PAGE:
It is now Day 3 of the 30 Days of Truth challenge and I was doing well until I got to today’s topic: Something You Have to Forgive Yourself For.
Let’s be honest with each other for minute. Can we agree that regardless of who forgives and the forgiven, forgiveness is hard? Forgiveness requires soul-searching, deep thought and faith. not for the other person but for yourself
The whole notion of forgive and forget is not true for everything and everyone. For some people, it is one or the other but certainly not both and not at the same time. Maybe after a few years more like decades one will forget but in the here and now not so much.
Now I am not an advocate of spending your entire life mad at someone.
Truth be told, I don’t hold grudges.
For very long.
Okay so I do. Sue me! pero not for reals because you not gon get anything but a penny LOL.
I have been known to stay mad at someone for waaaay longer than I really need to be. I believe it is in our nature as humans to want to stay mad because we really do not know how to channel the emotions we feel when we have been wronged by someone else.
But what happens when we cannot forgive ourselves for something? To me, this is harder because if you’re like me, you are your worst and harshest critic, judge and jury. It may take five minutes to forgive a friend for criticizing your significant other or brilliant get rich quick scheme but five years to forgive yourself for running that traffic light when it was clearly not your turn and causing an accident. Or ten years for telling your mother an awful lie that caused her so much anguish your relationship with her was never the same after. Or twenty years when you find out that your gay sibling committed suicide because you and your conservative pseudo-Christian family would not look past his or her sexuality.
I was young. Mentally and in age. I thought I was grown. I thought this would never happen to a relatively good kid like me from Podunkville, USA. I came from a “Christian” home with “Christian values”. Who knew my thinking I was grown would lead to the one and only event in my life I regret. The one and only event that haunts me to this day the entire month of its anniversary. I have spent the majority of my life contemplating ways to forgive myself for that day that I remember so vividly as if it happened yesterday. I’ve read stories, magazine articles and books about “moving on” from traumatic events in one’s life. Nothing really helped. I thought (and still think) about it constantly. I needed something more than what I was already doing. It wasn’t possible to apologize to the person I wronged because the situation was complicated for more than just me. I would have opened a can of worms I wasn’t (and somewhat still not) ready to deal with.
I think it was April 2009 when I started going to Lakewood Church in Houston, TX. My sister had been attending church there for some time and invited me to go to the Easter Service. It was a weird feeling to be in church again because I had not attended on a regular basis in I don’t know how many years. I felt a sense of peace that I had not felt in YEARS, which really didn’t surprise me because I really do love going to church. I’m not a bible thumper nor some “holier than thou” type of person. I don’t go around quoting scripture or trying to convert people to a certain religion. I’m not at all my grandmother’s granddaughter. I love the ambience and aura that certain churches possess. At Lakewood, I feel an overwhelming sense of “being at home”. The people are so sweet and caring. Of course you wouldn’t think so if you saw how rude they become when trying to leave the parking garage. Jesus… The praise and worship portion of service reminds me of a black church. People of all races clap, sing, dance, sway with the beat, jump and down with joy and have a great time.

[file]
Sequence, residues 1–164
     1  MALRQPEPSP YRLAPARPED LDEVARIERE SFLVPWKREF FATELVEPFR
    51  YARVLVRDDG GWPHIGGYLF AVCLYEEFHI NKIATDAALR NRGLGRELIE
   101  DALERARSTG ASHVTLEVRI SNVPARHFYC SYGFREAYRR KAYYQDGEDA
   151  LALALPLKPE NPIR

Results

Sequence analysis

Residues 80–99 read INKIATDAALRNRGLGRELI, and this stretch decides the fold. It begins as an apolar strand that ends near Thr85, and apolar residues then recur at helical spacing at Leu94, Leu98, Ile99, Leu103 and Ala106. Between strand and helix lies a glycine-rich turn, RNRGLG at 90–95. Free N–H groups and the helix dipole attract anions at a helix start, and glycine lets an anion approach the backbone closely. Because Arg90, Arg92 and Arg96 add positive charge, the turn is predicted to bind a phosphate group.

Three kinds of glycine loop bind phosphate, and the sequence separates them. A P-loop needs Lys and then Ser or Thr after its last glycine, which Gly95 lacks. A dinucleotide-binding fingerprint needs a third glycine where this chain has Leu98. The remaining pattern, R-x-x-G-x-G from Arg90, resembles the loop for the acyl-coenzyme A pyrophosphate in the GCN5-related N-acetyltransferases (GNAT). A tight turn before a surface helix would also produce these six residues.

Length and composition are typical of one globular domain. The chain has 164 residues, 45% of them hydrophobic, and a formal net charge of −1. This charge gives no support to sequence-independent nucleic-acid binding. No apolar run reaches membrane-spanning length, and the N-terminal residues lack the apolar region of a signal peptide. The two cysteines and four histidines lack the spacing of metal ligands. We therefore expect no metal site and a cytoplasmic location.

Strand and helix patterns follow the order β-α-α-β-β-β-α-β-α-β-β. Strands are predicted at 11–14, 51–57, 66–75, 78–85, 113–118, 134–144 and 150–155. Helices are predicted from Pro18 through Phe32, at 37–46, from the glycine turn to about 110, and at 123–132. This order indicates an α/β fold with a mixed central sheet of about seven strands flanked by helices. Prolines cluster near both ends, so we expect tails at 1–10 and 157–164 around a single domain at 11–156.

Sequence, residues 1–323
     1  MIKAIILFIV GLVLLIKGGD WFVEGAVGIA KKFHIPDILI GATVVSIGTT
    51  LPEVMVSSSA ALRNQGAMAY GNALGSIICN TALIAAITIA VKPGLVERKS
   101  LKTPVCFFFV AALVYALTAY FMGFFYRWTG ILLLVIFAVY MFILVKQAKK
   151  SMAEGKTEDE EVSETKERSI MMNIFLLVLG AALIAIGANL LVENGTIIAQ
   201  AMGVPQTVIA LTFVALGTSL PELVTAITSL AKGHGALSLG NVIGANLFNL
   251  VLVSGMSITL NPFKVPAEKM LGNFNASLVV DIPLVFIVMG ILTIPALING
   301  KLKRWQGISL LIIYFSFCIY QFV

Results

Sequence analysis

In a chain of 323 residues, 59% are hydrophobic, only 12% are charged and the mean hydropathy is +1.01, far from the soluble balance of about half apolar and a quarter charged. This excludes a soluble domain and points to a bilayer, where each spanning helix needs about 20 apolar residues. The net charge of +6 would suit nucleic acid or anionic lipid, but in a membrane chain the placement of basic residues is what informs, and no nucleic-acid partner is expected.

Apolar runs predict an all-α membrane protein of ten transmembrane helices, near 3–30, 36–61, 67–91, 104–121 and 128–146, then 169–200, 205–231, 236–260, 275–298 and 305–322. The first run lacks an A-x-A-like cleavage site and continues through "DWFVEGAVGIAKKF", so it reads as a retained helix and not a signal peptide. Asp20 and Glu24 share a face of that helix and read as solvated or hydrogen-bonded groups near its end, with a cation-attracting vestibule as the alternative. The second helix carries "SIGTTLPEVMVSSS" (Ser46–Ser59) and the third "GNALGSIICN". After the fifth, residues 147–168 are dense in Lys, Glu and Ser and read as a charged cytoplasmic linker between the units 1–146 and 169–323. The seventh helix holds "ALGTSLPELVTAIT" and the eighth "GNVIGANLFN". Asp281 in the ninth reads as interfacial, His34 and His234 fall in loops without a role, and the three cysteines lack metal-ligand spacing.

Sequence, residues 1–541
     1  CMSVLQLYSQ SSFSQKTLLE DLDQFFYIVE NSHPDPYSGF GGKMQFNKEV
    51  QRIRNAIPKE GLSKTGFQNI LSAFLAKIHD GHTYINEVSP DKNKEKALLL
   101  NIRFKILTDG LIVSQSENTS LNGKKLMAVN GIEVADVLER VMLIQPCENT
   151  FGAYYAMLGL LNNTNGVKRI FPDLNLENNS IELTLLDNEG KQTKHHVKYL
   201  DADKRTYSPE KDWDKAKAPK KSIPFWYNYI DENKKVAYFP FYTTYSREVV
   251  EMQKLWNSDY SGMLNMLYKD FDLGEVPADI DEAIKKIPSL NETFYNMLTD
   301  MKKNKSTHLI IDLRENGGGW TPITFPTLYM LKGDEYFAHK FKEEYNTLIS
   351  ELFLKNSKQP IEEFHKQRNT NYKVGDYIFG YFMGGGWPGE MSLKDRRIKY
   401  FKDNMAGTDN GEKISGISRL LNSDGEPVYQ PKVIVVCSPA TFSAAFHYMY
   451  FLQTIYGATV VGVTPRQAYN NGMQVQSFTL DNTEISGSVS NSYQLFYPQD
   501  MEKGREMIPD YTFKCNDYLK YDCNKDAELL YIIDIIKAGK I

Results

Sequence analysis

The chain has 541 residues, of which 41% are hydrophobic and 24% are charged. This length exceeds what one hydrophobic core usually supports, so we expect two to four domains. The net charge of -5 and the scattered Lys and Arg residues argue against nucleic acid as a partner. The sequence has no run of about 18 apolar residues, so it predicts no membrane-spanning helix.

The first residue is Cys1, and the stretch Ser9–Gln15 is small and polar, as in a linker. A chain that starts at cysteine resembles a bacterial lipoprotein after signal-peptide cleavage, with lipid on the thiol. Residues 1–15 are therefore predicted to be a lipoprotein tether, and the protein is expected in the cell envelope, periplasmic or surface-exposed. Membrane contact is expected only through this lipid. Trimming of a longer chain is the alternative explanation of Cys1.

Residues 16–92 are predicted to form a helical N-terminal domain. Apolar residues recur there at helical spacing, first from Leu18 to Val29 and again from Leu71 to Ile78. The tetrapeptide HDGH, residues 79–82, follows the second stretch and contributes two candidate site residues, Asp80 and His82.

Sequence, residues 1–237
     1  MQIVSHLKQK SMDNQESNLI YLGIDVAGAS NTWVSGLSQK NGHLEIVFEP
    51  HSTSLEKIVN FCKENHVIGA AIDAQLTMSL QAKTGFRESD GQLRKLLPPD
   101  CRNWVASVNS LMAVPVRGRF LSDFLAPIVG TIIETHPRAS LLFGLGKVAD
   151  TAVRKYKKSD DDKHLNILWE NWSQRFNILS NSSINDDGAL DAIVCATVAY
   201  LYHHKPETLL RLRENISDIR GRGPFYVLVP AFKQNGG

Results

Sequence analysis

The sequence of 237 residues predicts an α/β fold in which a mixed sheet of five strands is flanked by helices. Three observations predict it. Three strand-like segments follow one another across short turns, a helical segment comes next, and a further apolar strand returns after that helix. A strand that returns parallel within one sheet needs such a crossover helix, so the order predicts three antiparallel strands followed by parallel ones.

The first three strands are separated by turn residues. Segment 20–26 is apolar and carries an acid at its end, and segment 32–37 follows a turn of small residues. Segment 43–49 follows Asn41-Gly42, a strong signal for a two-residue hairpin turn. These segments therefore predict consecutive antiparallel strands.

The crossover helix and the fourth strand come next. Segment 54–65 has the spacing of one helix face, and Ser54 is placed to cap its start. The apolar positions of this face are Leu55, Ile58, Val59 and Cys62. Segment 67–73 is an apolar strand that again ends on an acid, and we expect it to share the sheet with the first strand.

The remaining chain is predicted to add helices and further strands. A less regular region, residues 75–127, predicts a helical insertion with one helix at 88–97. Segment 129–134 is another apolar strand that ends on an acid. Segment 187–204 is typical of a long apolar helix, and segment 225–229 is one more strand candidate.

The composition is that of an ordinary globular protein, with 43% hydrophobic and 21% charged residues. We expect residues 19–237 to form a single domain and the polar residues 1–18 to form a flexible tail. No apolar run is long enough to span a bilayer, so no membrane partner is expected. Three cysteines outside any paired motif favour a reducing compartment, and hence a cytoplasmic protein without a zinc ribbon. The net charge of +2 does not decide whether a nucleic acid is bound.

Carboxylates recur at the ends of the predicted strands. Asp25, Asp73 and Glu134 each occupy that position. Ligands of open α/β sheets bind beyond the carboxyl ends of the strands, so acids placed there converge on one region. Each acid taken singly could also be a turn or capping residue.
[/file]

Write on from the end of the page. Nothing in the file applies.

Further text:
One Sunday, I believe a few months after I started attending regularly, I attended service by myself. If I remember right, it was the first time I had ever attended a church service alone. I sat in my sister and I’s usual spot. The music started. I sang along. Then I became emotional. Not my usual emotional where I can suppress whatever I am feeling. On this occasion, I could not suppress my emotions or the tears these emotions produced. I was crying so hard my chubby cheeks felt like river beds. I couldn’t explain what was going on. I had never cried like that in public before. I think that was the beginning of my long process of forgiving myself.
Since that day, I have had numerous emotional episodes at church. I don’t attend as often as I would like but I can honestly say attending Lakewood has helped me to process what happened so that I can eventually fully forgive myself.
Thanks for reading
The Southern Yankee